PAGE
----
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Digitisation: A critical imperative for government agencies

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Mr Virender Jeet,
Senior VP – Technologies, Newgen Software

Governments and government agencies today are working on mandates that will uplift the quality of citizen services. Having been traditionally branded as slow and inefficient, government agencies across the globe are taking to technologies that help them manage their affairs seamlessly and create greater satisfaction for their citizens.

Among the several aspects impacting government functions and managing information wedged in physical documents is a critical one. As agencies grapple with constant surge in the volume of documents they manage each year, they realise that effective and intelligent Digitisation is the only way to bell the cat. Unavailability of required documents at the right time, or retention of documents beyond their expiration might translate into substantial risks and liabilities. Archival of documents on any file server or physical media such as DVDs, tapes, etc., creates silos of information, and makes documents vulnerable to security threats. Further, the operational costs and risks associated with management, retrieval, transfer and disposal of physical documents are huge. Digitisation and centralised archival of documents in a secure environment with the use of a professional Document Management System then works out to be the only effective solution.

While the government agencies open their doors for myriad forms of Digitisation platforms and solutions, it is important to bear a few of these aspects in mind:
Document Quality Analysis – Quality is a crucial factor for long-term preservation of documents, especially scanned documents. A digitised document whose quality is sub-par is difficult to read and interpret, which renders it almost useless. Manual quality checks are generally not feasible owing to the high volumes being processed each day. The Document Quality Analysis tool ensures that the quality of digitised documents meets the pre-requisite standards. While most of the errors are corrected automatically, other errors are reported as exceptions that trigger re-scanning of the document.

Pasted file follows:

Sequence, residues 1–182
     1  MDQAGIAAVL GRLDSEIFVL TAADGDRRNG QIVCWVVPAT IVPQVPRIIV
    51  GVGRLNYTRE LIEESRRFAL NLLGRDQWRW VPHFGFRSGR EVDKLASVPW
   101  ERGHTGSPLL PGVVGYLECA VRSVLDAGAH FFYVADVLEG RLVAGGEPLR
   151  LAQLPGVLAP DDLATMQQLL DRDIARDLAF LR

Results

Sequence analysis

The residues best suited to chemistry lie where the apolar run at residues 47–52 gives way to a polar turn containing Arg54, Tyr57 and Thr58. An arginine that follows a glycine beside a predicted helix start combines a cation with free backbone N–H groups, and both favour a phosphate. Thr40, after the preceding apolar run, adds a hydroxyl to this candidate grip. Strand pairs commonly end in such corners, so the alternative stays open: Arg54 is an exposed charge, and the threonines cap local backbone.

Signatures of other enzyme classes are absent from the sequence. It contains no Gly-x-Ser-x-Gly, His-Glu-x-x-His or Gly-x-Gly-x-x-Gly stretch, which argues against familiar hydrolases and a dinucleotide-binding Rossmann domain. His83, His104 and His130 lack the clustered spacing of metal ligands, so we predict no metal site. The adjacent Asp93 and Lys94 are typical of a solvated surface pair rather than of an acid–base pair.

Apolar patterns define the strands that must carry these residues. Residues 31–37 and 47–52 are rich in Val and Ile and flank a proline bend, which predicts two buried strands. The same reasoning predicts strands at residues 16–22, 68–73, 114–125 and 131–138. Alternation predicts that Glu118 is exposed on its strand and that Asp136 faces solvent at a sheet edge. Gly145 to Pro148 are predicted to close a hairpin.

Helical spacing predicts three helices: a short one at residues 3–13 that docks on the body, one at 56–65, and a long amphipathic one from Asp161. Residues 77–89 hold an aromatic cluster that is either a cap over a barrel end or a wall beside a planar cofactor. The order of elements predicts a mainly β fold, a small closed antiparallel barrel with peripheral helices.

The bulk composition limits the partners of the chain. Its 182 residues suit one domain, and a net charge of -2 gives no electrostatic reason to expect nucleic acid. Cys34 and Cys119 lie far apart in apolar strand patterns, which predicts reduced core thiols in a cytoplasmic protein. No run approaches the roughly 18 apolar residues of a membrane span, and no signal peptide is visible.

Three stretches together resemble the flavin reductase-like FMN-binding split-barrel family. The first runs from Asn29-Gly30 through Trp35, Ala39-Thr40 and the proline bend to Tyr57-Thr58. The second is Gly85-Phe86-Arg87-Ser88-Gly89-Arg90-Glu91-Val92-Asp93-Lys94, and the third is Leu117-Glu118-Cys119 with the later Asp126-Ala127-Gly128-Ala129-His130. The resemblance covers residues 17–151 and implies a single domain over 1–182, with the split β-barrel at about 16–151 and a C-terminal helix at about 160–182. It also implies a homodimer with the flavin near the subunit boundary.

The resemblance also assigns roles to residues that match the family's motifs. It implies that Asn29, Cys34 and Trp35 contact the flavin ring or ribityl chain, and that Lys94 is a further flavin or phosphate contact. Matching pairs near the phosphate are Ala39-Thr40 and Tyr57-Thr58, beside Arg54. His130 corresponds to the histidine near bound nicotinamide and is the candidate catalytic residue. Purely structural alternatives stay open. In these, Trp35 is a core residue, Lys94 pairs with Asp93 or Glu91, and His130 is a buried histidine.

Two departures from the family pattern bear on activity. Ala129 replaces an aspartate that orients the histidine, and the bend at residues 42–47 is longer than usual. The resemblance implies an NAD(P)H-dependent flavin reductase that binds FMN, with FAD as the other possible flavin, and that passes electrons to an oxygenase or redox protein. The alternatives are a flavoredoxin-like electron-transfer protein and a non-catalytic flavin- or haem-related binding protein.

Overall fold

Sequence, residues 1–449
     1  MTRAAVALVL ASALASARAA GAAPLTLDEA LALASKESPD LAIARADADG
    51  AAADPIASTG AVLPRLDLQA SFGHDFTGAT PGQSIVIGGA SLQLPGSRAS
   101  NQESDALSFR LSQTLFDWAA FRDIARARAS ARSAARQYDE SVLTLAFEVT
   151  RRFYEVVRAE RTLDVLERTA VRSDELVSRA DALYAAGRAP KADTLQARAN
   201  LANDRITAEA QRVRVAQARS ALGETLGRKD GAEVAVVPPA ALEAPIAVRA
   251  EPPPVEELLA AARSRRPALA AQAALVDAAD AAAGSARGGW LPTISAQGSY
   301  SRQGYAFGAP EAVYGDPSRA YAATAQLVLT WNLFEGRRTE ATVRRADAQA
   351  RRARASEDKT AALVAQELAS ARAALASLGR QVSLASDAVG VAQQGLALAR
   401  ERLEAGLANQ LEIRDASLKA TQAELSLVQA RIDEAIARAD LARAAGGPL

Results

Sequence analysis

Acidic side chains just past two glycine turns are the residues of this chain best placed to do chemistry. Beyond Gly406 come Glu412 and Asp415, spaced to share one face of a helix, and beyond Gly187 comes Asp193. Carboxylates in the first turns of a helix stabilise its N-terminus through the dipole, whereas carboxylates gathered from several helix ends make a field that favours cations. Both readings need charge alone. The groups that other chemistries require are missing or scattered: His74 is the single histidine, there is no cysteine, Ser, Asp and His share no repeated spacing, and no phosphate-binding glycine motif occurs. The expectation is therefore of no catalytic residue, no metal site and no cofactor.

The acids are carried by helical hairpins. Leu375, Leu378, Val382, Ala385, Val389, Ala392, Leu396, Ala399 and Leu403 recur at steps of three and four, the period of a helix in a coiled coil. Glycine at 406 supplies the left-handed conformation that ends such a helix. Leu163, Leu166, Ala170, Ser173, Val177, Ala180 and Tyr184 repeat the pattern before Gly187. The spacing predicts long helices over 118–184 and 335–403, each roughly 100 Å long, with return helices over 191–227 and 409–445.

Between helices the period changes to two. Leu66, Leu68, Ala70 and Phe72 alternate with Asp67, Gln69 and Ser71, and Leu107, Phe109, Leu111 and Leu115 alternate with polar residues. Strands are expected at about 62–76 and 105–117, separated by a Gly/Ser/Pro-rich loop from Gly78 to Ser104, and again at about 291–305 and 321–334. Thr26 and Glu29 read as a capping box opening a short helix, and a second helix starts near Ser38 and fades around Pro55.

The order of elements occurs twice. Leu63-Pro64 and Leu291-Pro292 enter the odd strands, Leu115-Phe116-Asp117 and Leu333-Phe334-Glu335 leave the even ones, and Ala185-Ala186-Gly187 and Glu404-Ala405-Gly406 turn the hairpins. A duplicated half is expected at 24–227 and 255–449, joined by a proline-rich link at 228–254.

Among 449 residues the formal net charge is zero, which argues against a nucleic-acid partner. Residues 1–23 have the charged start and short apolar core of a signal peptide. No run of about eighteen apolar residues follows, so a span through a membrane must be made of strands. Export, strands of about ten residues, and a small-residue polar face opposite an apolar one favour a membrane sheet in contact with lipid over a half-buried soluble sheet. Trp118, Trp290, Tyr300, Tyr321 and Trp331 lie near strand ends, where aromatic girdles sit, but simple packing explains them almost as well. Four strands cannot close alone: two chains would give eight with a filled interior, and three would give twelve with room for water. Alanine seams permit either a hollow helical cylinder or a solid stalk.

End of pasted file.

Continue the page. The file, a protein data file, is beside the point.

Digital Signatures – Eliminating paper-based workflows and promoting electronic exchange of documents is the key to ensuring faster delivery of citizen services. However, electronic exchange of documents introduces the risk of forgery, malicious alteration of data and repudiation. Digital Signatures enable signing and validation of documents while those are created, reviewed and archived, which allows government organisations to ensure authenticity of documents, and save time and paper-handling costs.

Enforcement of Records Management Policies – Government documents need to follow a proper classification structure and well-defined metadata and retention rules to ensure compliance with applicable records management policies and standard operating procedures (SOPs). Further, records should be archived in a manner that for future reference all documents pertaining to a specific case/citizen can be accessed together. This can be achieved with the help of a robust records management component.

Compliance with Open Standards for Long Term Archival – Ensuring viability of documents against technology obsolescence is a major concern for government departments. For deciding on cases, these departments often need to access historical data. By use of open standards such as PDF/A, the risk of obsolescence can be mitigated.

Scalable Architecture – Government departments are faced with the challenge of managing constantly growing volumes of documents. Long-term archival of these documents in a secure environment is critical to ensure efficient delivery of citizen services. Hence, a highly scalable and secure document management system, capable of handling billions of documents in a high-performance environment, is essential for the success of every government digitisation project.

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